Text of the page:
Rogers 'pleased' with VoIP rollout
Copyright 2005 Toronto Star Newspapers, Ltd. The Toronto StarSeptember 14, 2005 WednesdayAndrew Flynn, Canadian PressFrom Lexis Nexis
After just two months in the (IP-based) phone business, Rogers Communications Inc. is happy with customer response so far, the president of the company's cable TV unit said yesterday.
"We're pleased with the results that we're seeing," Edward Rogers Jr. told BMO Nesbitt Burns's annual media and telecommunications conference in Toronto. "There are a lot of customers that are thrilled to have a choice out there ... where a company can go into the home, replace the product with the same product that they had, offer them the same grade of service ... and have an existing billing relationship with that customer."
As with a number of electronic media companies that have entered the nascent voice-over-Internet phone market, Rogers has found customer demand for stability and bundling - packages that include a discount when subscribers take a number of services such as cable TV, Internet and wireless.
"You see it from customers, where they commit to the company, that they would like to be valued for the business that they're giving us," the president of Rogers Cable said.
In addition to value pricing, customers "want a true land-line product where the service will work if the power's out, where there's a company that stands behind that product and a real alternative to the land-line quality that Bell offers. And that's where we're concentrating our efforts today."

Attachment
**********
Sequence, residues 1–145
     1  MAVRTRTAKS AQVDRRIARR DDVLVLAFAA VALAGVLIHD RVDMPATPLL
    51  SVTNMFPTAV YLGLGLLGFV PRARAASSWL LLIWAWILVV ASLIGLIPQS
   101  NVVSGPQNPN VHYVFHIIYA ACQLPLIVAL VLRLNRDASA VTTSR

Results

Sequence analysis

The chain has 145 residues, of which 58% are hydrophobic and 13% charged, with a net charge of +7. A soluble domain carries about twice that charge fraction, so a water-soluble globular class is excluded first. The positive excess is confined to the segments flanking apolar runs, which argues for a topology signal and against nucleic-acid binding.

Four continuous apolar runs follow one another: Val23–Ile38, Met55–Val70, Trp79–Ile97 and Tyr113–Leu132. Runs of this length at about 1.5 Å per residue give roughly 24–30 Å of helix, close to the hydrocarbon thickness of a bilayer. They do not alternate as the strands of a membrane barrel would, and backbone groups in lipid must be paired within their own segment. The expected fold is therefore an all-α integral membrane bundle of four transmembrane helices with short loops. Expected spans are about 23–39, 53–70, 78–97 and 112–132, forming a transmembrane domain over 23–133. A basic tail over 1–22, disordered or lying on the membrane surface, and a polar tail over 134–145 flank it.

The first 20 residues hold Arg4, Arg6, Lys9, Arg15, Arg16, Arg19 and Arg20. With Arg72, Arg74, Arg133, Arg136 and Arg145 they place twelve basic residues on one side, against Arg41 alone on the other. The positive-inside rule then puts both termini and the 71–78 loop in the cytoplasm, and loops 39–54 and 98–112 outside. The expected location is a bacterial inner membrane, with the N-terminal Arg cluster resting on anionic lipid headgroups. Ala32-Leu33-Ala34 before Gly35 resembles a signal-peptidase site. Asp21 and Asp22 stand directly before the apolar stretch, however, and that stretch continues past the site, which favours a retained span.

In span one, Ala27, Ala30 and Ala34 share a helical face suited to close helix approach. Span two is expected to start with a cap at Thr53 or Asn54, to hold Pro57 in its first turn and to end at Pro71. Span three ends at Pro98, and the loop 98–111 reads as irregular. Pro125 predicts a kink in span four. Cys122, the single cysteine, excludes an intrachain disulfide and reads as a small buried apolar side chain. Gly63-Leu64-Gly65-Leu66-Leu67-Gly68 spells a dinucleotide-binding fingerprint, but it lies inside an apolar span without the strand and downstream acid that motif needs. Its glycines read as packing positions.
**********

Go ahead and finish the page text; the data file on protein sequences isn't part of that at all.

Bell Canada, the country's biggest telephone company, rolled out a major portion of its Internet-protocol telecom service last week.
Bell Digital Voice, which doesn't need a home Internet connection, is already available in some cities and will be introduced in more communities across Ontario and Quebec.
The service is available at $40 a month, including unlimited local calling and an array of calling features, with no contract required.
The Rogers service costs $29.95 monthly plus long-distance charges for basic digital phone service in Toronto. Bundled customers will pay $25.46 plus long distance.
Pierre Francoeur, president and chief operating officer of Quebecor Media, said his firm is also relying on service bundles to woo customers over to VoIP.
"We were able to bundle our offers for the existing clients," Francoeur told the conference. "It was quite attractive (for a customer) to talk to one guy and to just add a new product, a new feature.
"The (fact) that we have for the rest of our products a very good offer ... nobody's capable of matching it. It's very interesting for somebody to call us (saying): 'Yeah, maybe IP telephony but what about the rest of your offer and if I can have a very good price?' Bingo, the guy is signed up."
The conference, which heard a variety of speakers on media and telecommunications, continues today. Rogers Cable president Edward Rogers Jr. says customers like the company's bundled services.